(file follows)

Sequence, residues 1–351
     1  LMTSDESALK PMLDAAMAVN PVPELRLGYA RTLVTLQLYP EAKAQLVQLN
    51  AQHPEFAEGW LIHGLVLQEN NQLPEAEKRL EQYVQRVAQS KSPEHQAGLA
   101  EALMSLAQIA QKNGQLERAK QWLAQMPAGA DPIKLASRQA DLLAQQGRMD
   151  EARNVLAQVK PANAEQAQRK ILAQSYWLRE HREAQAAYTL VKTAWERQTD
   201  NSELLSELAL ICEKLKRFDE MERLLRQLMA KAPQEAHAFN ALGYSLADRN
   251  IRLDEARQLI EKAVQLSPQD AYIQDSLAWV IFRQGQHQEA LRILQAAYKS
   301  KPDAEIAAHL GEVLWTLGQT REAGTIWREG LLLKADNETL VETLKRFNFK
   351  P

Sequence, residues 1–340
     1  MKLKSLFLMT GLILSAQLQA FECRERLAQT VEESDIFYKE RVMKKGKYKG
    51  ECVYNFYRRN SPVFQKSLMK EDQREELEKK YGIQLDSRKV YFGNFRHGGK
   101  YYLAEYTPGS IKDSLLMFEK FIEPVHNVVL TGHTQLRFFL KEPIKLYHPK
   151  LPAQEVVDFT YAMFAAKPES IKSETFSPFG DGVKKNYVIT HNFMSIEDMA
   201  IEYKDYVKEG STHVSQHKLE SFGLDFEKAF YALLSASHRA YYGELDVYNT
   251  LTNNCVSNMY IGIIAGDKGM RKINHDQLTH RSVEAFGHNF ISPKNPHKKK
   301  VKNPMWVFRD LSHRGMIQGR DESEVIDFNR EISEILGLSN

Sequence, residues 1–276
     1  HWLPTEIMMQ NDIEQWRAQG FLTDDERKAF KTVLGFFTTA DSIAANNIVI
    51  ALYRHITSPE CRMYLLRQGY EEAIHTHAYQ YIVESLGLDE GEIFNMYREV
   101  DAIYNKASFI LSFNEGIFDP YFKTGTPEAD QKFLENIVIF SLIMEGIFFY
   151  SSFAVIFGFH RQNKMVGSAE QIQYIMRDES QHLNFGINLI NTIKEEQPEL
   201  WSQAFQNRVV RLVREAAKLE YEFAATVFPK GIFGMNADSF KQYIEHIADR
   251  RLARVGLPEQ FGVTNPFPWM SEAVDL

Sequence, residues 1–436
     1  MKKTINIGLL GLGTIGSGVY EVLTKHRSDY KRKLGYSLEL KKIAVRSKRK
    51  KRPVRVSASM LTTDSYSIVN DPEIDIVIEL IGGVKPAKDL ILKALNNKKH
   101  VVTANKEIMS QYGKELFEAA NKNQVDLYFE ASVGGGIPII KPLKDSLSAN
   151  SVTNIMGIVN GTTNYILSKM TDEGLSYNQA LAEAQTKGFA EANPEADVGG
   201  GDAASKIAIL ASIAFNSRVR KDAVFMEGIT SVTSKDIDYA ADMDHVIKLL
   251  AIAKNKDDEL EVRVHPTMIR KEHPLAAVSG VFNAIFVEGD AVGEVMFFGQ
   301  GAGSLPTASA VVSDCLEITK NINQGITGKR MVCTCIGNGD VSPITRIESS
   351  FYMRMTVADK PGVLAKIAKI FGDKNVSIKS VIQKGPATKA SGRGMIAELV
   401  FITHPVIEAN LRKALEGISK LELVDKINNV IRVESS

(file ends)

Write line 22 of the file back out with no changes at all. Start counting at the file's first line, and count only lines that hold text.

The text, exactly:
   151  SSFAVIFGFH RQNKMVGSAE QIQYIMRDES QHLNFGINLI NTIKEEQPEL